My family didn't do a whole lot for easter when I was a child. Of course, we didn't have a lot of money either. We didn't get Easter Baskets or hunt eggs. The only thing I remember doing is (when the budget allowed) getting a new dress. Often it would be handmade by my mom because back then it was cheaper to make it than to buy it new.
I remember wondering why we couldn't go to egg hunts instead of church, or eat chocolate bunnies like many of my friends. The answer was the same each year. It went something like this:
Easter is a time to celebrate the resurrection of Christ. We do that every time we go to church. Bunnies and eggs have nothing to do with it, so we aren't going to celebrate Easter that way.
Of course, as a child I wasn't happy with their decision. I wanted parties and candy. I was thankful that I got my dress (most years), and I thought when I had kids I would do things differently.
It's hard as a parent to make decisions that your immature child will not understand. As with many things I haven't done what I said I would do. "When I was a child, I spoke as a child..."
This year is the first year that I've had an issue. My son isn't really interested in parties as much as he is interested in eating the candy usually involved. My first daughter has always been compliant and hasn't shown any desire to change the status quo. Enter Hannah.
Hannah lives life with gusto. As a baby she was either laughing or screaming. There was never an in-between, "okay" kind of emotion with her. This year, as Easter got closer I kept hearing her comment about how excited she was. Of course, along with the comments she usually included information about what, exactly, she was looking forward to. Mind you, none of these things are traditions in our house, nor have we ever discussed doing them this year.
As she's talked about egg hunts and eating candy, I've thought more and more about why I've made the decisions I've made as a parent. This train of thought prompted a discussion with my hubby (because honestly... it wasn't just me who decided not to do all the "usual" easter stuff with the kids).
We've been on the same page about Easter from day one. The way he put it is, "I hate the crass commercialization of the holiday." When I asked his opinion about starting some new traditions this year, he said he wanted to stay away from the whole easter bunny, candy, egg hunt theme,
Still, I felt something was missing. In trying to keep distance from the heathen elements, we never replaced the celebration with more appropriate elements like we have with Christmas. So finally we came up with a plan.
First, I had to find something to replace the bunny candy. I asked God what I could do in place of bunnies that poop jelly beans, or Cadbury Eggs. While I was at Publix Hannah was entranced by a huge seasonal display of treats and I humored her by looking at the different ones she pointed out. Then suddenly my eyes lit upon something different. I found these little boxes of Whitman Chocolates. Each box said something like "He Lives" or "He Is Risen." I slipped them quietly into my shopping basket and plan to give them to the kids tomorrow morning. I also purchased a package of traditional Passover treats from Costco. We'll break open these boxes as dessert tomorrow after dinner.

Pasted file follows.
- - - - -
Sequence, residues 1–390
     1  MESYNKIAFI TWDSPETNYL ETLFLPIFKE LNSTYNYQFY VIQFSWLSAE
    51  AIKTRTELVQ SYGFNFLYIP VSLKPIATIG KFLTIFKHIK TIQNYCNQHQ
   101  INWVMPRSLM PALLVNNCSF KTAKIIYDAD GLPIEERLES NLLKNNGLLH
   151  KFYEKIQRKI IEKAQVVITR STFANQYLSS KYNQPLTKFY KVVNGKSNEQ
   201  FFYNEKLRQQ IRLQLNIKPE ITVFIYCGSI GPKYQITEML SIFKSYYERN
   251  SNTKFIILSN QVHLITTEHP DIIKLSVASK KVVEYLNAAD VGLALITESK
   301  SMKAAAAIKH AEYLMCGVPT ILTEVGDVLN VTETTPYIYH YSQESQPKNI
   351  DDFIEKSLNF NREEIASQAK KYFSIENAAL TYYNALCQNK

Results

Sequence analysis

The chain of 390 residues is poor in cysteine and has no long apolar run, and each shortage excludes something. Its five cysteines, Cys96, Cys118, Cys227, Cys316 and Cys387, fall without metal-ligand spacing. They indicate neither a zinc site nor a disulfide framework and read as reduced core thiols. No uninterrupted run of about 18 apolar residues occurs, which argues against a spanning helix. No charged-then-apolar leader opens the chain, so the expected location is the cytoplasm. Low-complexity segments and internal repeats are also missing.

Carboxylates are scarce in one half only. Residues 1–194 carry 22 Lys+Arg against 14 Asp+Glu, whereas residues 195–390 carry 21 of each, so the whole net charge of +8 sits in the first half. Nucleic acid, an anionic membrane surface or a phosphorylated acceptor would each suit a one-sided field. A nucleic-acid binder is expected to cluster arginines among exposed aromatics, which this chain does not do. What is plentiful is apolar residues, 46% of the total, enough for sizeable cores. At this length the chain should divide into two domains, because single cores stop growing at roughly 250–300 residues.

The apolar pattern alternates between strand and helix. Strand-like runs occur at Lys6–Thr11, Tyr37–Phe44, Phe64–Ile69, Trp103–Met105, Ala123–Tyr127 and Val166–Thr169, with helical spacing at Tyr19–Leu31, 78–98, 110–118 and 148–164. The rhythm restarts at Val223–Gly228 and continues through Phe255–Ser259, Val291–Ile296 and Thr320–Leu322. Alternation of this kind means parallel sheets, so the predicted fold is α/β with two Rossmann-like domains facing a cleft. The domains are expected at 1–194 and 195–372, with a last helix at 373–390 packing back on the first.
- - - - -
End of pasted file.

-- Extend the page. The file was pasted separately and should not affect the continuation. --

Second, we had to find something to replace the egg hunt. My hubby went to a Messianic Passover Seder a few years ago, and he suggested taking an element from their traditions. We'll play "Find the Matzo." Of course it's been several years, so we're a little hazy on the details. We will have a pouch with three compartments. There will be a matzo in each one. The one in the middle will be taken out and broken. Then the broken matzo will be hidden somewhere and the kids will go and find it. Of course there is so much symbolism in this act. He is going to talk to the kids about all of that.
The third thing is the traditional Easter meal. The irony is not lost on me that the usual meat served on Easter is ham... the quintessential "unclean" meat. I thought about this one for a while, and I was going to try to do something more kosher. As the day approached, however I thought about how the veil in the temple was torn as Jesus paid for our sins on the cross. So I have decided, rather than just follow the crowd blindly, I am purposely going to prepare a pork roast for our dinner. I want to enjoy our freedom from having to fulfill the law in order to have a relationship with God.
Having said that, however, I've missed dyeing eggs with my children and doing the generally accepted "easter" traditions. Egg hunts are a lot of fun, and I would like my children to experience them. So, in addition to starting these new traditions, I will be celebrating springtime on May Day. In future years I might celebrate it on the first day of spring... But that's a whole different blog post.